LIDAR, the laser technology used to measure an entire asteroid, survey the moon and support people on Earth
The asteroid Ryugu, which Hayabusa2 explored, is as black as charcoal and unusually shaped, with a bulge in the middle. Tracing its origins and evolution requires precise three-dimensional data. Obtaining such data was also indispensable to Hayabusa2’s operation — including identifying a site for its historic touchdown. Ryugu may be small, but it still measures 900 meters in diameter and has a complex shape. How was it successfully reproduced in 3D?
Hayabusa2’s LIDAR laser altimeter was the key. LIDAR is a device that measures the distance to the surface of, say, an asteroid by projecting a laser beam at it and detecting the returning light. By taking a series of readings like a 3D scanner, it created a 3D model of Ryugu. To size up the entire asteroid, precise measurements had to be taken repeatedly.
This cosmic LIDAR system has its roots in the laser altimeter carried aboard the lunar orbiter Kaguya launched in 2007. Kaguya’s LIDAR system, manufactured by NEC, succeeded in accurately surveying the moon’s heavily cratered surface, which is far more rugged than Earth’s. The information so obtained has been indispensable to subsequent lunar probes.
LIDAR also played a key role in ascertaining where Hayabusa2 was at any particular moment in its flight path (orbit) around the asteroid. Basically, a spacecraft’s orbit is tracked by sending radio waves from Earth, but radio waves have a margin of error of several hundred meters. LIDAR data was therefore used to calculate Hayabusa2’s position. Assuming the explorer was in a particular location, scientists worked out how far the laser light should travel back to it after bouncing off the asteroid. Any deviation in its orbit could then be corrected based on the difference between the estimated distance and the distance actually traveled by the returning light.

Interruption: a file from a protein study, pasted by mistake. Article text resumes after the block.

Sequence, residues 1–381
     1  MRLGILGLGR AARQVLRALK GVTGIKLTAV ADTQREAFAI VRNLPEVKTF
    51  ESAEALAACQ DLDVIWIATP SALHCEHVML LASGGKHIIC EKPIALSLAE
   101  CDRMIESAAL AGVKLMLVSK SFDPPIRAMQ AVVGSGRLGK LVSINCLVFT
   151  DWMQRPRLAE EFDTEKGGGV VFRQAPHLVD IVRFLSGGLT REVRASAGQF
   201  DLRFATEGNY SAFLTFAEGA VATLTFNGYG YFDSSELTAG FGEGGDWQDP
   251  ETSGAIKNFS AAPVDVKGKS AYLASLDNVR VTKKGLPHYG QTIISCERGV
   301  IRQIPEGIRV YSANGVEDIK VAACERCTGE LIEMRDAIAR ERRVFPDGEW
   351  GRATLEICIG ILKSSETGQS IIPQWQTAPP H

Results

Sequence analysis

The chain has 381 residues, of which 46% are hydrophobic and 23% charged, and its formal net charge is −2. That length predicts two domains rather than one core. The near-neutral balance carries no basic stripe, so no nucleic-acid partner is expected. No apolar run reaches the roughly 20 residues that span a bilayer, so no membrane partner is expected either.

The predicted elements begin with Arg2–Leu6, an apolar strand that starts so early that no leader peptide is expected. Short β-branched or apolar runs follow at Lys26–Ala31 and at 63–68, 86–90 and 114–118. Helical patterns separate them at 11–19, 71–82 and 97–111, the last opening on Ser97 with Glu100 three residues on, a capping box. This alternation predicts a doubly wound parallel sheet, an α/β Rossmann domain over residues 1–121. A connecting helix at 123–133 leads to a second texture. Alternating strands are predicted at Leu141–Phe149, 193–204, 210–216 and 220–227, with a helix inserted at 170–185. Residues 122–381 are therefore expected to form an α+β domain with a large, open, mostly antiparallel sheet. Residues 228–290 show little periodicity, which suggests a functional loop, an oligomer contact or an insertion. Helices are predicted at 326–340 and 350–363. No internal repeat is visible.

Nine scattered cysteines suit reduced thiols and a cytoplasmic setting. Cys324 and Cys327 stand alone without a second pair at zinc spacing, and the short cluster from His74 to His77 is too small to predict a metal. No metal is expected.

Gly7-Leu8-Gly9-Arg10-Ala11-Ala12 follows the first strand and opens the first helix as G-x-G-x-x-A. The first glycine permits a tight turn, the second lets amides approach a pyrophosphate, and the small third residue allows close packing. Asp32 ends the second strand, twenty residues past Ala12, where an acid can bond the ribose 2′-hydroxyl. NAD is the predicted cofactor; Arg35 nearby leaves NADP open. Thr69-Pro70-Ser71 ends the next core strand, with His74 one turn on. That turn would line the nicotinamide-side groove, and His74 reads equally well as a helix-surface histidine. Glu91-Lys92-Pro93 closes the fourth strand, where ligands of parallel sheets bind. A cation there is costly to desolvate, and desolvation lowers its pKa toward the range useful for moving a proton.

LIDAR helped reveal Ryugu’s composition as well. The laser beam emitted by LIDAR is a coherent form of light energy. It travels in a dead-straight line without becoming diffused, even over long distances. Its conditions of brightness are always the same. So by aiming the LIDAR beam at Ryugu’s surface, measurements could be taken of how much light bounced off the rocks — that is, of the rocks’ reflectivity. Differences in reflectivity made it possible to distinguish the different types of rock packed together on the surface. Scientists could then identify the various materials from which Ryugu is agglomerated.
In December 2020, after returning to this planet to release its capsule and setting out on a new journey, Hayabusa2 tested a two-way laser link with Earth using LIDAR. It succeeded in receiving a beam sent from an observatory on the ground and returning the signal. The beam traveled six million kilometers — more than fifteen times the distance between Earth and the moon. Thanks to this technology, it should soon be possible to pinpoint the position of a spacecraft with far greater precision when exploring the uncharted frontiers of space.
Among the major advantages of LIDAR is its ability to produce a 3D scan of an object by measuring its distance. It also detects differences in reflectivity between objects. Both these features have proved invaluable on Earth. LIDAR can be used to make 3D scans of large buildings. It can be used to identify differences in the surface shape and reflectivity of bridges, roads, and other forms of infrastructure. Analyzing variations in such data can reveal subtle changes. You can even determine when substation equipment has been damaged because of a bird nesting there, or when the surface of a bridge or a cliff has started buckling. LIDAR, which has accomplished so much in space, is also helping make us safer here on Earth.
Written by Ayano Akiyama
Published: March 5, 2021